Animal Experiment in Larval Zebrafishes
According to the manufacturer’s protocol, Huh7 cells were stained with CM-Dil (red fluorescence) at a 1:1000 dilution and microinjected into the yolk sac of larval zebrafishes (2 dpf) at a dose of 200 cells/fish to establish the HCC xenograft model. After 24 h of tumor growth, all treated zebrafishes were observed under a fluorescence microscope (AZ100, Nikon, Tokyo, Japan) for model verification. HCC xenograft larval zebrafishes (3 dpf) were divided into several groups (30 fishes each) and cultured in 3 mL fresh fish water in 6-well plates. According to our previous study, the NOAEL (no‐observed‐adverse‐effect‐level) of TB and cis-platinum were 16.7 µg/mL and 15.0 µg/mL, respectively.18 Therefore, TB powders and cis-platinum were dissolved into the wells at their NOAEL. SP600125 was dissolved in DMSO to a concentration of 20 µM and diluted to 20 pM by 0.9% saline for intravenous injection. After 24 h treatment, zebrafishes were observed under a fluorescence microscope. The fluorescence intensity (FI) of Huh7-developed tumor mass of zebrafishes was detected and the inhibitory rate was calculated as: Inhibitory rate (%) = [1−(TB treated FI/untreated FI)] × 100%.
Data were expressed as the mean ± standard deviation (SD). Data from different groups were compared using one-way ANOVA followed by Fisher’s least significant difference (LSD) comparison. A p-value < 0.05 was considered to indicate a significant difference and p-value < 0.01 considered to indicate a very significant difference.
Anti-Proliferative Effect of TB
MTT assays and morphological observation were performed to evaluate the anti-proliferation effect of TB on HCC cells. As shown in Figure 1A, TB obviously inhibited the cell viability of Huh7, HepG2 and SK-Hep-1 from 100 μg/mL to higher doses, and the effects on each cell line were similar at doses above 500 μg/mL. Then Huh7 cells were treated with TB for 24 h and 48 h. As shown in Figure 1B, TB obviously inhibited the cell viability of Huh7 in a dose- and time-dependent manner. TB at 100, 200 and 300 µg/mL were used as TB-L, TB-M and TB-H doses for the subsequent experiments. As shown in Figure 1C, after the TB treatment for 24 h, the morphology of Huh7 cells was changed and the detached cells (round and shrunken shape) were obviously increased with the increasing doses of TB.
Apoptosis-Inducing Effect of TB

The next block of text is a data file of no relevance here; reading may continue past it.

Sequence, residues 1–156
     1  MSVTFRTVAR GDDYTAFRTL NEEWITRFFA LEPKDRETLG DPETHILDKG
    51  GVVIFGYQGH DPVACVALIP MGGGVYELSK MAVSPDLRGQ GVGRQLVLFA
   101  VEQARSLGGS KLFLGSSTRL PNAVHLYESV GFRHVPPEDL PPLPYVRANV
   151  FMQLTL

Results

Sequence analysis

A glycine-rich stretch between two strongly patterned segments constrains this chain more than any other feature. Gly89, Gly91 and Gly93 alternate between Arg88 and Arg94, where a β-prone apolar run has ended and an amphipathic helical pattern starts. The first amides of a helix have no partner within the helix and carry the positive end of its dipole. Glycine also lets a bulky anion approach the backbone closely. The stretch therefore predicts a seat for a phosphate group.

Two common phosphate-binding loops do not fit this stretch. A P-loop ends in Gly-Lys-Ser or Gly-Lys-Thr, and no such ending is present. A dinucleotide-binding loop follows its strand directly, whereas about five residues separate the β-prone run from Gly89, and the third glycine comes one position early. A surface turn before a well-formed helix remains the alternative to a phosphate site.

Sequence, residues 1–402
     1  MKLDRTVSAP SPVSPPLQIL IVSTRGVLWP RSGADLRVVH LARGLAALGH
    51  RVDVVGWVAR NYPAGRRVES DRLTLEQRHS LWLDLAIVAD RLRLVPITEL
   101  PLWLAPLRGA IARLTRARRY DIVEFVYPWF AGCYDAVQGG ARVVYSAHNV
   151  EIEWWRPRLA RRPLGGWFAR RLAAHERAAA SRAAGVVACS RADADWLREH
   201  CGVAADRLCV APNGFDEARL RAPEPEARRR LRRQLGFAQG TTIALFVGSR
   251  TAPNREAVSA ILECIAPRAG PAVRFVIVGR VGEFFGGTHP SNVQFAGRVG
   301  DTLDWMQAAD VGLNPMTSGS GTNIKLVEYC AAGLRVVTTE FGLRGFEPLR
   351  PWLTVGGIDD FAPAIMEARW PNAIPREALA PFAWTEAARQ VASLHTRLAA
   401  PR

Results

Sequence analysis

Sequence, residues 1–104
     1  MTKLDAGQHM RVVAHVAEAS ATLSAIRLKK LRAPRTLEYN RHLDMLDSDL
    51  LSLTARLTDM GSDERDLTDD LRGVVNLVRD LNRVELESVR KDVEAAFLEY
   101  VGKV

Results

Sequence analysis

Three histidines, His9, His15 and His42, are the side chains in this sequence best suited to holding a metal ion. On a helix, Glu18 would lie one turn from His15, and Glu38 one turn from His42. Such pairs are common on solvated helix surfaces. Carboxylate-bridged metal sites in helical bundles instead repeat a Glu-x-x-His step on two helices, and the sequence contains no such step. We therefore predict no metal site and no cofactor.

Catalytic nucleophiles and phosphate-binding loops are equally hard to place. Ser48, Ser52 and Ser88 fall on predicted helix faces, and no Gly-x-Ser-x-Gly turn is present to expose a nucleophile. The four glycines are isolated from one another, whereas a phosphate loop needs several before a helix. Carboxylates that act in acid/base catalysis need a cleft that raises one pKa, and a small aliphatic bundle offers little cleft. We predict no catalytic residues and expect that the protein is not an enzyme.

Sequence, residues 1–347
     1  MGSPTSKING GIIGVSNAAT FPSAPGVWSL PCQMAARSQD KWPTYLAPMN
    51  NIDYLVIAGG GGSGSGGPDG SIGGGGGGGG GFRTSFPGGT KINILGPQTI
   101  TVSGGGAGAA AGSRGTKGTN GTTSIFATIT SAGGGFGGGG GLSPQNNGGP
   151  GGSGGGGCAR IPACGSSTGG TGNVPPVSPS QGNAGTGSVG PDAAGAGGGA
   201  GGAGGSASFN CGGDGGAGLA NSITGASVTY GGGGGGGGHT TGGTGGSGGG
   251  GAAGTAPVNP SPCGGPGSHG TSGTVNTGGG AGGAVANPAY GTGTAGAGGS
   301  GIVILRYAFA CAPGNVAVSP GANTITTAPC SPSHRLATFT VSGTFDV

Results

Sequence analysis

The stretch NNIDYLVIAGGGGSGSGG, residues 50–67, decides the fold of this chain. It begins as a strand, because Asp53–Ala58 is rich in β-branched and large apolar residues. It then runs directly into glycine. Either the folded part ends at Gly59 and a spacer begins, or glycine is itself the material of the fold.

DAPI staining and flow cytometry were performed to evaluate the pro-apoptotic effect of TB on Huh7 cells. As shown in Figure 2A, typical apoptotic cells with chromatin condensation, karyopyknosis and apoptotic bodies (indicated by arrows) were increasingly observed with TB treatment from low to high doses. As shown in Figure 2B, the apoptotic rate (early and late) was obviously increased with the increasing doses of TB, suggesting that TB induced apoptosis on Huh7 cells in a dose-dependent manner.
Modulation on mRNA Expression by TB
The relative mRNA expression of targeted genes was determined by qPCR assay. As shown in Figure 3, TB significantly up-regulated the expression of PUMA, P21, Bax, and Bim mRNA transcripts in Huh7 cells when compared with the control group (each P < 0.01). Moreover, TB slightly up-regulated the expression of NOXA (P > 0.05).
Figure 3 Relative mRNA expression of target genes in Huh7 cells with TB treatment. Values are presented as mean ± SD (n = 3). Abbreviations: NC, normal control; TB, theabrownin.
Modulation on Protein Expression by TB
The protein expression of targeted molecules was determined by WB. As shown in Figure 4, TB significantly up-regulated the expression of ASK1, phosphorylated JNK (p-JNK), phosphorylated c-Jun (p-c-Jun) (Ser 63 and Ser 73), and Bax and down-regulated the expression of Bcl-2 (P<0.01), when compared with the control group (each P < 0.05 or P < 0.01).
Anti-HCC Effect of TB in vivo
As shown in Figure 5, the xenograft model of HCC was successfully established in larval zebrafishes. Compared with the model group, TB significantly inhibited HCC tumor growth with an inhibitory rate of 48.1% (P < 0.01). The anti-HCC effect of TB at NOAEL (16.7 µg/mL) was even stronger than that of cis-platinum at NOAEL (15 µg/mL).
Verification of the Role of JNK Signaling in the Anti-HCC Effects of TB
SP600125 was used to verify the regulatory role of the JNK signaling pathway in TB-induced tumor inhibition and apoptosis of Huh7 cells. As shown in Figure 6 A and B, SP600125 at 20 pM significantly weakened the tumor-inhibitory effect of TB in vivo (P < 0.01), and the tumor inhibitory rate was decreased from 44.57% to 26.59%. As shown in Figure 6C, SP600125 at 20 μM significantly relieved TB-induced apoptosis of Huh7 cells, with significant decrease of apoptotic rate (P < 0.01). As shown in Figure 6D, WB data showed that SP600125 significantly inhibited the expression of JNK, p-JNK, c-Jun, and p-c-Jun and meanwhile significantly blocked the regulatory effects of TB on those proteins as well as on the apoptotic proteins (Bax and Bcl-2) (each P < 0.05 or P < 0.01). The above results showed that the JNK signaling mediated TBʹs effects.
Previous reports have demonstrated that TB possesses hepatoprotective activity against hepatic steatosis and liver damage.19,20 To date, there is no available report regarding the effect of TB on liver cancer. For the first time, this study revealed pro-apoptotic and tumor-inhibitory effects of TB on HCC Huh7 cells and clarified its mechanism mediated by the JNK pathway. Moreover, by using a xenograft model of larval zebrafishes, we found that TB exerted stronger tumor-inhibitory effect than that of cis-platinum. Zebrafish is a diminutive vertebrate possessing advantages as follows: 1) no immune rejection against human cells at larval stage provides more success rate for xenotransplantation; 2) body transparency of larval zebrafish provides real-time visible observation of toxicity and tumor growth; and 3) large-scale generation and rapid organogenesis provides shorter experimental period.21–23 According to the previous report, the effective dose (16.7 μg/mL) of TB in the xenograft zebrafishes can be estimated as 0.75 mg/kg in human by dose conversion, which is very low and applicable in clinic.24